The entertainment press should behave responsibly and evaluate whether the materials are legally sourced and whether their publication would be legal to steer clear of criminal prosecutions and civil lawsuits.
A magazine published a cropped photograph of an actress in the nude taken against her will. While the eyes of the actresses were blurred in the photograph, it did not effectively conceal her identity. The publisher argued that the article is a “morality piece” and that it was in the public interest to publish the photograph in order to reveal the dark side of the entertainment industry. The Court of Appeal commented that
“[t]here may be occasions when distressing photographs of individuals may be published quite legitimately. This was plainly not such an occasion when the actress in question had been photographed in a state of undress and under compulsion as the magazine article itself made clear.”
The Chief Editor of the magazine was sentenced to five-month imprisonment under the Control of Obscene and Indecent Articles Ordinance for publishing obscene material (the definition of “obscenity” includes violence, depravity and repulsiveness) that is not suitable to be published to anyone. In addition, the publishing company and the printing company were each fined and the Senior Editor and Editor were sentenced to Community Service Orders.
Materials Obtained Illegally
In 2008, over a thousands photographs of actor Edison Chen surfaced on the Internet in which he was engaging with different actresses in sexual activities. It transpired that a technician copied the photographs when the actor took his laptop to the shop for repair. The technician was sentenced to eight-and-a-half-month imprisonment for the offence of accessing a computer with a view to dishonest gain under the Crimes Ordinance.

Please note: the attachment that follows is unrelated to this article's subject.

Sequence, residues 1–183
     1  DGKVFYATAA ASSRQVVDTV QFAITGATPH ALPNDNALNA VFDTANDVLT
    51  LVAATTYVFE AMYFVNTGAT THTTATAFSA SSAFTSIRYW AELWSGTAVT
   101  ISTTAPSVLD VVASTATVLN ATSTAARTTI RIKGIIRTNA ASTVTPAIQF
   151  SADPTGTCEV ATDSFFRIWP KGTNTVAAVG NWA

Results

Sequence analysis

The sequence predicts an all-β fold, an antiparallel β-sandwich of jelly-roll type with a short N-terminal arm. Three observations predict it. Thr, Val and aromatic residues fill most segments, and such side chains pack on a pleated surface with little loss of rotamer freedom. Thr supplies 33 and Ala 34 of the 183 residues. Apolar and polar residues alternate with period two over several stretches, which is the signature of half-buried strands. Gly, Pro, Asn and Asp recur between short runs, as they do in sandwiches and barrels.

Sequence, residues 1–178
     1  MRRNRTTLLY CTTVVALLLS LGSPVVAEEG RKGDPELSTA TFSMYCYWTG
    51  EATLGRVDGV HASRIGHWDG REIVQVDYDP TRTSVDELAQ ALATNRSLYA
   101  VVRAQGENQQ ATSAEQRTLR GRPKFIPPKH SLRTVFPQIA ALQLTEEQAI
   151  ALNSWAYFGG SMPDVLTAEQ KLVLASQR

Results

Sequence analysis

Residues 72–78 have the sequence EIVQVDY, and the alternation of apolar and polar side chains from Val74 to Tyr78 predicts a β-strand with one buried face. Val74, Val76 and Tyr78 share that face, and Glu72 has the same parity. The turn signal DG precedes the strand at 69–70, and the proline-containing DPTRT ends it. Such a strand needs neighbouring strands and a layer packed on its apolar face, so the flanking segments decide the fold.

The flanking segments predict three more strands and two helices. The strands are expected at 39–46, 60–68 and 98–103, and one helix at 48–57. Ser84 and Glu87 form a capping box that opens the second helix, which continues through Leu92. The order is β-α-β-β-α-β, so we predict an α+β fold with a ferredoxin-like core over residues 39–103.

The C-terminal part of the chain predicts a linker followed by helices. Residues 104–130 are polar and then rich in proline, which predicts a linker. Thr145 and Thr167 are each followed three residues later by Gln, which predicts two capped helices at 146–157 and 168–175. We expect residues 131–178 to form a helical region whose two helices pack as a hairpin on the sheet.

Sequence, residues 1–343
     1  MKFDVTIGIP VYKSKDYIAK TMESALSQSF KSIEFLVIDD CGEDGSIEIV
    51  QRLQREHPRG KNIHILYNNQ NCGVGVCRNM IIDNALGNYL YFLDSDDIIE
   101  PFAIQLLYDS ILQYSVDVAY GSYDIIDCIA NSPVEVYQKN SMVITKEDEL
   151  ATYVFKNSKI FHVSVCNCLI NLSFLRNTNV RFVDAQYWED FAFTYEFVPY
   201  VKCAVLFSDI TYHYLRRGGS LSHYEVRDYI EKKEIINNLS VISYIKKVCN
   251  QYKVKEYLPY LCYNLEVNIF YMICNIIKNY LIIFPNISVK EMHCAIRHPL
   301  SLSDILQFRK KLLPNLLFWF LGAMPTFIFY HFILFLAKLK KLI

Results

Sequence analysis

In the Edison Chen incident, the actor admitted that he took the photographs of himself and the actresses. As such, he is the author and owner of the copyright in the photographs. He issued a statement through his legal representatives claiming that any download or reproduction of the photographs constitutes copyright infringement. As various media already published redacted versions of the photographs, the matter has lost some momentum by the time the statement was issued. If this were not the case, the court would have had a chance to examine whether the fair dealing exemption of “reporting current events” under the Copyright Ordinance would apply to this scenario.
Breach of Confidence and Right of Privacy
In the case of Sima Sai Er v Next Magazine HCA 1500/2014 An actress was successful in obtaining interlocutory injunction to stop seven news agencies from further publishing photographs and videos of her dancing seductively in lingerie. The court held that there was at least a serious issue to be tried that the actress had a reasonable expectation of privacy and that the publications constitute “breaches of the plaintiff’s right to privacy such as to give rise to causes of action for breach of confidence”, and that further publication would harm the health and reputation of the actress and serve no public interest.
The court rejected the argument that prior extensive publication rendered the material in public domain and held (citing Douglas v Hello! Ltd  QB 125 and OBG Ltd v Allan  1 AC 1) that each publication of photographs or videos is a fresh intrusion of privacy.
Public Interest in Press Sources
In the case of Wong Wing Yue Rosaline v Next Media HCA2701/2016 a barrister obtained interlocutory injunction to stop publication of photographs of her and her children on the grounds of copyright infringement and breach of confidence. The barrister instructed her maid to take the photographs (rendering the barrister the copyright owner), and it was unclear how the photographs came into the possession of the news agency. The court refused to order disclosure of the source of supply of the photographs on the ground of public interest.
The judge noted that although he “inclined to agree” that the publication of the photographs per se served little public interest, it is the public interest in the non-disclosure of press sources that the court must protect – “As forcefully pointed out by Laws LJ in the Ashworth Hospital Authority case [Ashworth Hospital Authority v MGN Ltd  1 WLR 2033], such public interest is constant whatever the merits of the particular publication.”
In 2009, following an artist’s denial to the press that he was married, a news agency searched the public records of Clark County, Nevada to discover the marriage record of that artist, along with those of a few other artists. The publication of these details did not prompt the artists to pursue any legal action against the publication. This was probably because such publication was factual and not as offensive or intrusive as the publication of the photographs mentioned in the foregoing cases.
David S. Ma, LLM in Law, Science and Technology, Stanford Law School